Frederick Douglass: From Slave to Leader - ANNA MURRAY DOUGLASS

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Anna Murray Douglass, first wife of Frederick Douglass.  Image online, courtesy U.S. National Park Service.

 

Anna Murray was born of slaves and would have been a slave herself had she entered the world one month earlier. Frederick met his future wife while he was still in bondage; she helped him attain his dream of escape with money she had saved. At the time, his name was still Frederick Bailey.

In a later tribute to her mother, whom the Douglass children credited with part of their father’s success, Rosetta Douglas Sprague observed:

Her courage, her sympathy at the start was the main-spring that supported the career of Frederick Douglass. As is the condition of most wives her identity became merged into that of her husband. Thus only the few of their friends in the North really knew and appreciated the full value of the woman who presided over the Douglass home for forty-four years.

The Narrative of the Life of Frederick Douglass, an American Slave - originally published in 1845, and naming slaveholders who had made life miserable for Douglass - caused Frederick to leave the country:

The narrative of Frederick Douglass with its bold utterances of truth, with the names of the parties with whom he had been associated in slave life, so incensed the slaveholders that it was doubtful if ever he would return to this country. There was also the danger that mother and those who had aided in his escape might be pursued.

Consistent with the concept of chattel slavery, people were bought and sold with Bills of Sale. Douglass was no exception. While the newly famous author was abroad, his former “owner,” Thomas Auld, sold Frederick Bailey (Douglass) for $100 to Hugh Auld on November 30, 1846. This is the Bill of Sale for that “purchase,” which was signed by N.H. Arrington, a Talbot County, Maryland justice of the peace.

According to a much-later-published news article (which is part of the American Memory Collection at the Library of Congress), the Bill of Sale was issued seven years after Douglass ran away. Captain Auld said that the "bill was executed with the idea that the fugitive [Douglass] could be recovered, although at the time he was in England."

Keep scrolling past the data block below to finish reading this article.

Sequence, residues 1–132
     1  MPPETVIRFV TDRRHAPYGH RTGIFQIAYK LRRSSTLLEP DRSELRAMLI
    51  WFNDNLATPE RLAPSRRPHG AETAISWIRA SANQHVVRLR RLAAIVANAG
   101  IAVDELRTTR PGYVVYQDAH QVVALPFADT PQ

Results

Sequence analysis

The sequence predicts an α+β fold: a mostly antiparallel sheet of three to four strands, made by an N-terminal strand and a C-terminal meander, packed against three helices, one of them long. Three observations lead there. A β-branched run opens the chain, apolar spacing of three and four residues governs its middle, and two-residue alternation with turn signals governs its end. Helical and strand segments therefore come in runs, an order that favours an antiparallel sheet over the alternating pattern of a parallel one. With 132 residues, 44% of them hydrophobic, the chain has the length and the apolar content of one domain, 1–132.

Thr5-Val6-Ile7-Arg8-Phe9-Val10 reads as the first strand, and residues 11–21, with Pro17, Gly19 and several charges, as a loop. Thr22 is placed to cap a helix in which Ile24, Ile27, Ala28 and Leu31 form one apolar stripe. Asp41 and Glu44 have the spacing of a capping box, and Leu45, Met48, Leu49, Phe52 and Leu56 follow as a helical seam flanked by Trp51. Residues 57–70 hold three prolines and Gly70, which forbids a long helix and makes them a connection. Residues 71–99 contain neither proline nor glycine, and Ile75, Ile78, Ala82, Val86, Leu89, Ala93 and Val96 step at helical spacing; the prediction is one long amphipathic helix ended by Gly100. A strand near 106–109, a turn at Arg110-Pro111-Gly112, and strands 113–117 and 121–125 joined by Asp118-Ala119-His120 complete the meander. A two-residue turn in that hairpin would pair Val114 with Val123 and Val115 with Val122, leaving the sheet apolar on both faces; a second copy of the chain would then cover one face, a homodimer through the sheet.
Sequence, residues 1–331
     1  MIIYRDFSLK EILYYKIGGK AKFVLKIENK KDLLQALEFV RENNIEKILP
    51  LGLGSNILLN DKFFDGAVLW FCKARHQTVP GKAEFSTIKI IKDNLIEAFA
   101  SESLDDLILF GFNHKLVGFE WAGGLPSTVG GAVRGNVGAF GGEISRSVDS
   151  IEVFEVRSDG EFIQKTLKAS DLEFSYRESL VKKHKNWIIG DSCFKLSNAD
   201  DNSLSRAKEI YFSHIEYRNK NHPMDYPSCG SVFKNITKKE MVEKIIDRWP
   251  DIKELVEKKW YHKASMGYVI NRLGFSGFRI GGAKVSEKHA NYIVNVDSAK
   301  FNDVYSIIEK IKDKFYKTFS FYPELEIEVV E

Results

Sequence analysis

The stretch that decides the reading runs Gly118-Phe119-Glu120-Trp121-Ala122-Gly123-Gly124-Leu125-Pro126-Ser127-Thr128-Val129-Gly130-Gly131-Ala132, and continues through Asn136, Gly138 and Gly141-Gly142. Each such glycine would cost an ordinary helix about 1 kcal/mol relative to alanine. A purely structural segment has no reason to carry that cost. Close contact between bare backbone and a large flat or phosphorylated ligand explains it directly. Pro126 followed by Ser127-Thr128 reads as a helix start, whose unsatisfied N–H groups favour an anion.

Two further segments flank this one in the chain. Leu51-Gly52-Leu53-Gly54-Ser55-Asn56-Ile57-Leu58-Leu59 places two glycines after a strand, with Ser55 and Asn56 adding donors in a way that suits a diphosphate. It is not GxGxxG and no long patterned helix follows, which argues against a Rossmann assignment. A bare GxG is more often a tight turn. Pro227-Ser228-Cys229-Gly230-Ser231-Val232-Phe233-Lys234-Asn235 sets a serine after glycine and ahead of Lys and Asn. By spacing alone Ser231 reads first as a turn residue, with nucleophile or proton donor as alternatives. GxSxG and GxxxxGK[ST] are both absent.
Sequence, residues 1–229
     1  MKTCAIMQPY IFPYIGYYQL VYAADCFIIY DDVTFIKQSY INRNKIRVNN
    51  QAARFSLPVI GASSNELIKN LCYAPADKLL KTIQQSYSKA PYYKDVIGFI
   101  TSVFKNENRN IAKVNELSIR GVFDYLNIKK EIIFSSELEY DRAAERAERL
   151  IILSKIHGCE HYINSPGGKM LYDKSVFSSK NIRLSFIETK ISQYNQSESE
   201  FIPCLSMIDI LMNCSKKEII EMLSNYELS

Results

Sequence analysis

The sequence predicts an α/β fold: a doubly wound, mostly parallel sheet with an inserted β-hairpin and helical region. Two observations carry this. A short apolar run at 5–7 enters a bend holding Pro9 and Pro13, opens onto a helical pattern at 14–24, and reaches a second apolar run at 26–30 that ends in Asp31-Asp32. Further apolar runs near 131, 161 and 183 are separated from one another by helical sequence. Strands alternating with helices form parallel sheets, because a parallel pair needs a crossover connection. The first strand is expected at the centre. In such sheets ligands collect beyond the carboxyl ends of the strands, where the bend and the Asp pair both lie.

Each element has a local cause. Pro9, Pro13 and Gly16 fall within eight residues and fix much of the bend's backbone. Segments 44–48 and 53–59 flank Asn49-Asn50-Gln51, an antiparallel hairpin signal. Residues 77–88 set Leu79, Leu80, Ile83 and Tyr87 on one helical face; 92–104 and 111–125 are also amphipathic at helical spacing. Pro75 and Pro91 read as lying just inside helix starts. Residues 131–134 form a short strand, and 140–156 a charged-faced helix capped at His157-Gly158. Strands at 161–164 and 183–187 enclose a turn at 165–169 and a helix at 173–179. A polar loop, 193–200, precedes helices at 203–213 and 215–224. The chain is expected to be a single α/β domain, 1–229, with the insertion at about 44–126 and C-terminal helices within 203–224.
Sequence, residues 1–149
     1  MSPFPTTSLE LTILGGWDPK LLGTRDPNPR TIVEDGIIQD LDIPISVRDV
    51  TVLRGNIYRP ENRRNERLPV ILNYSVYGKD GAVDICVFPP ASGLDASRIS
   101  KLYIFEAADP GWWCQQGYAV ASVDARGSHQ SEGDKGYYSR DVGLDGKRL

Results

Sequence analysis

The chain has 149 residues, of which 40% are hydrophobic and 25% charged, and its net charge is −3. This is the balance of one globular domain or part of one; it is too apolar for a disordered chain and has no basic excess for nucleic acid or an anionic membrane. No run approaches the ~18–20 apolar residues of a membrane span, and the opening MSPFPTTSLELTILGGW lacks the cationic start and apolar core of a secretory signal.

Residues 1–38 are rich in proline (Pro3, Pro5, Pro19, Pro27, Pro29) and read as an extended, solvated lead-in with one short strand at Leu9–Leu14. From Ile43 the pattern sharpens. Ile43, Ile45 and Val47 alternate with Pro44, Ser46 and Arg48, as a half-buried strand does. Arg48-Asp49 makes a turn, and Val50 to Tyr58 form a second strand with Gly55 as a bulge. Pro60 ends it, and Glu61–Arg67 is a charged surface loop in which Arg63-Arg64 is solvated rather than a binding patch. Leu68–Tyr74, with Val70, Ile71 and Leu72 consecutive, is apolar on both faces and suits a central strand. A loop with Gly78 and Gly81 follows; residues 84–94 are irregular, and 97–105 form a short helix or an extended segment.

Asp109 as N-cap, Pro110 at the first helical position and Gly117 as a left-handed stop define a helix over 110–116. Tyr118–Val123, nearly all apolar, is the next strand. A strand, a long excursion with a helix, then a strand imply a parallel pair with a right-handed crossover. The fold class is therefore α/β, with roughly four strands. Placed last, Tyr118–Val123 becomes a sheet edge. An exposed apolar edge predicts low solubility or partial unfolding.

Whatever the original intent of the 1846 Bill of Sale, Hugh Auld set Douglass free soon thereafter, on December 5, 1846, when he received payment ($71.66) from Walter Lewis of New York. A "deed" was issued to mark that purchase.

Life in Rochester, New York - where the family lived for many years and Frederick (in 1847) started his abolitionist newspaper North Star - was not easy for an African-American family. Even though the North was free, prejudice abounded. Douglass found that he was

doomed by an inveterate prejudice against color to insult and outrage on every hand ... - denied the privileges and courtesies common to others in the use of the most humble means of conveyance - shut out from the cabins on steamboats - refused admission to respectable hotels - caricatured, scorned, scoffed, mocked, and maltreated, with impunity by any one, (no matter how black his heart,) so he has a white skin.

Notwithstanding the treatment he and his family received, his motto for living was the same as the motto of his North Star paper:

Right is of no sex
Truth is of no color
God is the Father of us all, and
All we are brethren.

Mrs. Douglass was not really understood in Rochester and, according to her daughter, life there was a struggle for her. Among other things, she missed her friends in Boston:

Her life in Rochester was not less active in the cause of the slave, if anything she was more self-sacrificing, and it was a long time after her residence there before she was understood. The atmosphere in which she was placed lacked the genial cordiality that greeted her in her Massachusetts home.. Prejudice in the early 40's [that is, the 1840s] in Rochester ran rampant and mother became more distrustful...Being herself one of the first agents of the Underground Railroad she was an untiring worker along that line...She was a woman strong in her likes and dislikes and had large discernment as to the character of those who came around her.

Guests in the Douglass home were from many different backgrounds:

Perhaps no other home received under its roof a more varied class of people than did our home. From the highest dignitaries to the lowliest person, bond or free, white or black, were welcomed, and mother was equally gracious to all.

Although Anna was born free, she was not educated:

Unfortunately an opportunity for a knowledge of books had been denied to her, the lack of which she greatly deplored. Her increasing family [she and Frederick ultimately had five children] and household duties prevented any great advancement, altho’ she was able to read a little...I was instructed to read to her. She was a good listener...

Working hard to abolish American slavery, Frederick had become friends with abolitionists like William Lloyd Garrison, John Brown, Wendell Phillips, and Senator Charles Sumner. Those people, together with Douglass’ considerable oratory skills, helped propel this former slave into the national limelight.

 

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